Effects of flight altitude on the lift generation of monarch butterflies: from sea level to overwintering mountain


UAH PRC Research Database

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Bioinspiration & Biomimetics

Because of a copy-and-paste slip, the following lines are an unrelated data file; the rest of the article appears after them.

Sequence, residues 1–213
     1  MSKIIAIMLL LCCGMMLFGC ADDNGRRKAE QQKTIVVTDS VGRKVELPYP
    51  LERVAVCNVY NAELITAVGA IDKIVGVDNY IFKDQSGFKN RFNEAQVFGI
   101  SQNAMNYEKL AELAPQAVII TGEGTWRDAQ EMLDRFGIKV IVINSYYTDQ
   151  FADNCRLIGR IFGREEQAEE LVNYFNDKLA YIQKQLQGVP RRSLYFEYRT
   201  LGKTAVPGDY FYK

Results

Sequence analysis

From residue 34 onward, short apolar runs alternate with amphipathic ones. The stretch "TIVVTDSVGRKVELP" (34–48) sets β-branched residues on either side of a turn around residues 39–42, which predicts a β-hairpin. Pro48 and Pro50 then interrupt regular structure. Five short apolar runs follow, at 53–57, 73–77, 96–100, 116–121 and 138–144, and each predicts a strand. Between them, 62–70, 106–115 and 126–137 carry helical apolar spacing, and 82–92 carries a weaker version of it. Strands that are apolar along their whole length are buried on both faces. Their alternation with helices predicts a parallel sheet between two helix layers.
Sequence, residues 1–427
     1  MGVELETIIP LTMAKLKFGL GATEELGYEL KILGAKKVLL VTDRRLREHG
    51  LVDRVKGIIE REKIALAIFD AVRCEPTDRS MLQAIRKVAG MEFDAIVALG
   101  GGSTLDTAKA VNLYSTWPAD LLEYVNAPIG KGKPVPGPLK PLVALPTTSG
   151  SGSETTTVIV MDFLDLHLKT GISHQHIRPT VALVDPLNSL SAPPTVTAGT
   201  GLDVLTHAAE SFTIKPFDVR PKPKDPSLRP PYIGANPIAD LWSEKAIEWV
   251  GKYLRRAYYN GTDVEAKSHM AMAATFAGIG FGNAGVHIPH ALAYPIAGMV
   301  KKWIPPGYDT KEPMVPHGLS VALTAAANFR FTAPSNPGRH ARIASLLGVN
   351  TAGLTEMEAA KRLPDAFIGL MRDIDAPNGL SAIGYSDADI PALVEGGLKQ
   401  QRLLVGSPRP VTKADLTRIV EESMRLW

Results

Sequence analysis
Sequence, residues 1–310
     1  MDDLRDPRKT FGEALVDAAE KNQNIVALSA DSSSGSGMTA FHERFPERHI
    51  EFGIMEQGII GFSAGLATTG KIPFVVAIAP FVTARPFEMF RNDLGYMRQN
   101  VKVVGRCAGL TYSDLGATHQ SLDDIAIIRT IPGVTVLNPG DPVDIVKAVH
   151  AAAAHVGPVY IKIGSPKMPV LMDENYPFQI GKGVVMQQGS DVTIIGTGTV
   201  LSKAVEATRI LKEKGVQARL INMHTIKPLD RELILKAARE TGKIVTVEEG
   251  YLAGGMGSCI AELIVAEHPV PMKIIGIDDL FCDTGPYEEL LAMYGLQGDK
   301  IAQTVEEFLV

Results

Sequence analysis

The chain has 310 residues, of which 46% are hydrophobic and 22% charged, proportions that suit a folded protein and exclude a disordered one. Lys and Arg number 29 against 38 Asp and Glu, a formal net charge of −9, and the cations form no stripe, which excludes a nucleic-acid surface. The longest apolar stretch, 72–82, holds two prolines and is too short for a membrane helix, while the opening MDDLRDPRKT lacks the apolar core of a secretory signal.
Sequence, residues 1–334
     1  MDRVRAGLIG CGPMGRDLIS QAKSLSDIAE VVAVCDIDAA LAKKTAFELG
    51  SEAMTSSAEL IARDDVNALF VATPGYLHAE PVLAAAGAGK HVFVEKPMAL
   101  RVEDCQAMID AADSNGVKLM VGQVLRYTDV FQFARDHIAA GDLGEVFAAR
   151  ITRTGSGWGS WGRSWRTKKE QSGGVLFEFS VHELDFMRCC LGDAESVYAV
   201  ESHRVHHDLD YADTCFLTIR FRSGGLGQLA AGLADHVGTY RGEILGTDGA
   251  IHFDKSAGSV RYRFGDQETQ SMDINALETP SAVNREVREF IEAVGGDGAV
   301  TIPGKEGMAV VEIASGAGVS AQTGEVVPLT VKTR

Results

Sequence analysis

Aerodynamic efficiency behind the annual migration of monarch butterflies, the longest among insects, is an unsolved mystery. Monarchs migrate 4000 km at high-altitudes to their overwintering mountains in Central Mexico. The air is thinner at higher altitudes, yielding reduced aerodynamic drag and enhanced range. However, the lift is also expected to reduce in lower density conditions. To investigate the ability of monarchs to produce sufficient lift to fly in thinner air, we measured the climbing motion of freely flying monarchs in high-altitude conditions. An optical method was used to track the flapping wing and body motions inside a large pressure chamber. The air density inside the chamber was reduced to recreate the higher altitude densities. The lift coefficient generated by monarchs increased from 1.7 at the sea-level to 9.4 at 3000 m. The correlation between this increase and the flapping amplitude and frequency was insignificant. However, it strongly correlated to the effective angle of attack, which measures the wing to body velocity ratio. These results support the hypothesis that monarchs produce sufficiently high lift coefficients at high altitudes despite a lower dynamic pressure.

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